It is with much amazement the all of us at Team Founding Fuel exchange notes or call each other up every morning. Because each day, something is reported that gets our attention. And we watch, listen, wonder, think, debate over how much the ground beneath our feet has shifted since we went to bed last night—and how best to interpret whatever is it that really transpired. How do you make sense of it all? Why is it so difficult?
Without getting into minutiae, allow me to draw your attention to one number. In 1970, the USA imported $54 billion worth of goods and services. Last year, it stood at $2.7 trillion. Pause and ask how and when did it happen? Was it possible that in this efficient “Flat World”, real people stared at bleak futures as they were losing real jobs and real livelihoods to unknown “aliens” from other parts of the world?
On the face of change like this, is it possible then Barack Obama’s original 2008 campaign promise of “Yes We Can!” and “Change We Need” suddenly rings hollow? Instead, Donald Trump’s “Make America Great Again” now sounds more urgent and real. But I say this with the benefit of hindsight.
Now, hindsight is a luxury policy and decision makers at the highest echelons in government and business—the primary lubricants of our society—don’t have. For various reasons, they feel compelled to focus on moving economies, getting companies to survive, cater to angrier vote banks, and answer louder shareholders. Knee jerk solutions erupt in violent protests and undesirable vigilantism of the kind that gets reported every day.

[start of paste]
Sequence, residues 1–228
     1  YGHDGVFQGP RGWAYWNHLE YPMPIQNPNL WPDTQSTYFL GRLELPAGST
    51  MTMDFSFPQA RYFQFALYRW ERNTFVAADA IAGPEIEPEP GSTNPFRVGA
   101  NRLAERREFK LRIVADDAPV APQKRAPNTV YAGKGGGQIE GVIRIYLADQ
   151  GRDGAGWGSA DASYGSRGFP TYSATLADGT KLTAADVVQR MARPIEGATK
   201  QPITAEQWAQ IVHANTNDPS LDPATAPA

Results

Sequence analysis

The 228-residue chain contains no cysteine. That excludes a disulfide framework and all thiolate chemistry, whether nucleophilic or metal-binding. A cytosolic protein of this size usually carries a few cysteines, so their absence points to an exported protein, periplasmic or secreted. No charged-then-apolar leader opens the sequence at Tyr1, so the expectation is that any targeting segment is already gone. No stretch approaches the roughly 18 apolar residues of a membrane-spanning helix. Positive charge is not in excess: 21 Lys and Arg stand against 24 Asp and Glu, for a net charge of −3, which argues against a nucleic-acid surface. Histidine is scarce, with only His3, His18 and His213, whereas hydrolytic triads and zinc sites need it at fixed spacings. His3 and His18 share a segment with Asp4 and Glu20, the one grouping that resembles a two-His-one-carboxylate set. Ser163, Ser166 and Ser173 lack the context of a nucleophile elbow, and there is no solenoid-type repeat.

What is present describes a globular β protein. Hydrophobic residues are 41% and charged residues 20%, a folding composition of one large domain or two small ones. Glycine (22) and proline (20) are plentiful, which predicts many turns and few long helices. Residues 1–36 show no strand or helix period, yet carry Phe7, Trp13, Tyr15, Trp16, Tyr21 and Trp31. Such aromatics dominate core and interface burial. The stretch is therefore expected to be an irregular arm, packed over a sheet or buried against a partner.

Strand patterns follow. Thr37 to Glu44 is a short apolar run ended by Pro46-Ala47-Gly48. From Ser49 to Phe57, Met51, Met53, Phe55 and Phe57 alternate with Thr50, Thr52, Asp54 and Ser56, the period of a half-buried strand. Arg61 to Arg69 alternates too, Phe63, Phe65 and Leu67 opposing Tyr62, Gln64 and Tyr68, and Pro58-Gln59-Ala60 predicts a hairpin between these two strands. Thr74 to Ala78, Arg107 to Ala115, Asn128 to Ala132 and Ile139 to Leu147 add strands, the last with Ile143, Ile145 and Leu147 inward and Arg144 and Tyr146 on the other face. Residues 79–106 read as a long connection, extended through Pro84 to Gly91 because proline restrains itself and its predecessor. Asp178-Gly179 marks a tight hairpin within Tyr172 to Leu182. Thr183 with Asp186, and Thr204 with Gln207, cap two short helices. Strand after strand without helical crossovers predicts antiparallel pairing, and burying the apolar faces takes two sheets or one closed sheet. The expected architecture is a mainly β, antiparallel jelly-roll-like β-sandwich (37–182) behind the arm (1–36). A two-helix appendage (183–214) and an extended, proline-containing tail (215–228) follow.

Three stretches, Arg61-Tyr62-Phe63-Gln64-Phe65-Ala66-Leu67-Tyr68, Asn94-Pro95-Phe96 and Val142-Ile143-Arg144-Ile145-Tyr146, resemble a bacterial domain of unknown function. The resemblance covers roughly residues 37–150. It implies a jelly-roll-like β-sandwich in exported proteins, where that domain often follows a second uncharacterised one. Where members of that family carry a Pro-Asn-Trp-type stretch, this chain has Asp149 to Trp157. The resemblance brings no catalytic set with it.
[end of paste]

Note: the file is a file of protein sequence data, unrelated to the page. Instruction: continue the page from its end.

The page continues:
But long-term solutions lie in building an ecosystem of entrepreneurs who can survive systemic shocks, peering under the hood, look at the most pressing issue on hand, scan history, understand contemporary realities, and build sustainable solutions. This much the all of us are clear about.
That means, it is mandatory the all of us think of ourselves as entrepreneurs. It is a not just the need of our times, but a moral imperative and is a theme Nobel Prize Laureate and founder of the Grameen Bank, Muhammad Yunus has delved into deeply. He has the evidence on his side as well.
Then there is the issue of peering under the hood to understand our world. That is what N Dayasindhu sets out to do in his most recent piece on Founding Fuel beginning with the debate on Artificial Intelligence (AI) in India. Whoever would have imagined, he asks, that there are now 160 million active WhatsApp users in India as opposed to only about 28 million credit card users? And that the Unified Payments Interface (UPI) platform, a subject now of intense scrutiny and debate, can be a game changer and disruptor. But to understand why, he suggests, context and history is pertinent. His succinct essay does just that.
While on AI, there is that other animal called the Internet of Things (IoT) everyone is trying to make sense of. What happens to the world when physical objects are integrated into it seamlessly and controlled remotely? What opportunities, benefits and disruptions does it create? Why have as many people latched on here and what has gotten as many excited?